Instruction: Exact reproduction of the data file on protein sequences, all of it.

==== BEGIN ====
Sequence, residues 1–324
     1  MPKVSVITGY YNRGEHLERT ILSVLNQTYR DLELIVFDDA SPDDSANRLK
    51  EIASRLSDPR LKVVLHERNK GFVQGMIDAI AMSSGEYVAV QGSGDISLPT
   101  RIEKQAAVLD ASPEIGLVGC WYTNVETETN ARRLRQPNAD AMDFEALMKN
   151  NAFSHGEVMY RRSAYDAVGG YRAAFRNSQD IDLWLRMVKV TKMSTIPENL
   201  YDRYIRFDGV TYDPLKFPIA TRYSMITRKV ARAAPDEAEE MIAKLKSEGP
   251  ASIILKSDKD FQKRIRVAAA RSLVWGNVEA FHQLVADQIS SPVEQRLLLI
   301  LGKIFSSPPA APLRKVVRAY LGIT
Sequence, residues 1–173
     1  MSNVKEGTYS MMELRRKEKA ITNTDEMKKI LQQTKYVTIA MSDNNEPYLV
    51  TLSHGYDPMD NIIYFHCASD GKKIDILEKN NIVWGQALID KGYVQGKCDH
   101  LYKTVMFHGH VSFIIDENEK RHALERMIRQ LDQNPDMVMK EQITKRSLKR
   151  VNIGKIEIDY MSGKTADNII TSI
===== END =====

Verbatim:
Sequence, residues 1–324
     1  MPKVSVITGY YNRGEHLERT ILSVLNQTYR DLELIVFDDA SPDDSANRLK
    51  EIASRLSDPR LKVVLHERNK GFVQGMIDAI AMSSGEYVAV QGSGDISLPT
   101  RIEKQAAVLD ASPEIGLVGC WYTNVETETN ARRLRQPNAD AMDFEALMKN
   151  NAFSHGEVMY RRSAYDAVGG YRAAFRNSQD IDLWLRMVKV TKMSTIPENL
   201  YDRYIRFDGV TYDPLKFPIA TRYSMITRKV ARAAPDEAEE MIAKLKSEGP
   251  ASIILKSDKD FQKRIRVAAA RSLVWGNVEA FHQLVADQIS SPVEQRLLLI
   301  LGKIFSSPPA APLRKVVRAY LGIT
Sequence, residues 1–173
     1  MSNVKEGTYS MMELRRKEKA ITNTDEMKKI LQQTKYVTIA MSDNNEPYLV
    51  TLSHGYDPMD NIIYFHCASD GKKIDILEKN NIVWGQALID KGYVQGKCDH
   101  LYKTVMFHGH VSFIIDENEK RHALERMIRQ LDQNPDMVMK EQITKRSLKR
   151  VNIGKIEIDY MSGKTADNII TSI